I was amazed at how well Meissner brought the devastation of the Spanish Flu to life within these pages and just have heartbreaking and widespread it was! Having the Bright family run a funeral home was the best possible way to show this as they would (and did) have bodies literally stacking up at their door. It's terrifying and claustrophobia-inducing as the various characters don't want to step outside without a mask for fear they will be struck ill. Meissner further drove the point home by developing these characters - both primary and secondary - so well and then having them swept away by the flu right before our eyes. It broke my heart to come to care for some of these characters and then to see them gone in an instant without any rhyme or reason. It truly was heartbreaking but also made the aftermath and growth of the remaining characters so much more compelling.

While definitely taking a backseat to the Spanish Flu the time and detail given to the men who went off to WWI and the PTSD issues many had when they returned was also well done, mainly shown through the neighbor. I can't say too much about this as it leads to other developments later in the story, but I will say that it not only scared these men - both physically and mentally - but took them away from their loved ones, robbing them of being able to say goodbye to those killed during the flu epidemic. I would never have thought of this aspect of what the war robbed these men of and really appreciated getting to see it from this angle.

I am being purposely vague about the rest of the story because I don't want to spoil anything. However, I will say that I appreciated seeing how the Bright daughters were effected by their experiences during this time and how it shaped them into the young women they became. I came to really care for two of them (one ended up somewhat self-centered and unfortunately got on my nerves a little) and admired the choices they made, even if some of them were somewhat questionable choices. These are strong female characters who stood by their actions and I, for one, love that.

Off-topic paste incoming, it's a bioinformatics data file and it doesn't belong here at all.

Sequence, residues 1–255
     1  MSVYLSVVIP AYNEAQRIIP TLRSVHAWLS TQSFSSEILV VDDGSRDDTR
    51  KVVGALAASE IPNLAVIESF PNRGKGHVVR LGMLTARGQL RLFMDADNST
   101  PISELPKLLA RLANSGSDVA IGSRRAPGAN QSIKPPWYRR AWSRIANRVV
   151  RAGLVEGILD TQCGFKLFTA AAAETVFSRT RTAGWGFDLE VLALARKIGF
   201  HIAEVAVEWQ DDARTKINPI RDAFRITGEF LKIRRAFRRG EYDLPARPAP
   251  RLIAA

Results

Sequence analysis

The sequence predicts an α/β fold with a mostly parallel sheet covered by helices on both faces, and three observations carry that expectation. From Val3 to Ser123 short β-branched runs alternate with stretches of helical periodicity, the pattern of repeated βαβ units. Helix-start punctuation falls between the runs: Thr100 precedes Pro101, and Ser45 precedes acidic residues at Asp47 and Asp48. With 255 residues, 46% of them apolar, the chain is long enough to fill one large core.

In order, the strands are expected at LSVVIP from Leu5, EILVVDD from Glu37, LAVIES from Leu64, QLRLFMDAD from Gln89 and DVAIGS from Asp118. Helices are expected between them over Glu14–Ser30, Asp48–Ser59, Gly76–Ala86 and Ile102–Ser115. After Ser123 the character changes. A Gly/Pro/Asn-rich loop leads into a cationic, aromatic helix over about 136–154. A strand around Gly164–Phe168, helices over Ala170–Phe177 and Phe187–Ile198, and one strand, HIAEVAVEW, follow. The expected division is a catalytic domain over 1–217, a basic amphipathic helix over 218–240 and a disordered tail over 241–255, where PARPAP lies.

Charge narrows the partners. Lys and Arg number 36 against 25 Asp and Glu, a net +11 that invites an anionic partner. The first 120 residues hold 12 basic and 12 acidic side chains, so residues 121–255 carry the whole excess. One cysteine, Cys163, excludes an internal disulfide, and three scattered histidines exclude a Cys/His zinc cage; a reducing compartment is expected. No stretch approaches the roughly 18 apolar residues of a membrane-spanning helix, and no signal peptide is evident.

As Bright as Heaven is top shelf historical fiction. It's detailed and tragic and hopeful and so many other things. I recommend it to anyone who enjoys historical fiction or really just a wonderful read.      

What Did I Think About the Cover?

It's so pretty, even more so in person!! I love the soft, sort of distressed colors and the backdrop of what I imagine is Philadelphia. The solitary woman could be any of our women, really, and I love the overall composition. Beautiful cover!

My Rating: 4.5/5.0

I received an ARC (advanced reader copy) of As Bright as Heaven from author Susan Meissner. All opinions are mine alone. To find more information about the book, including other reviews and links to where you can purchase a copy, see Goodreads HERE.

Reviews of Susan Meissner's Other Novels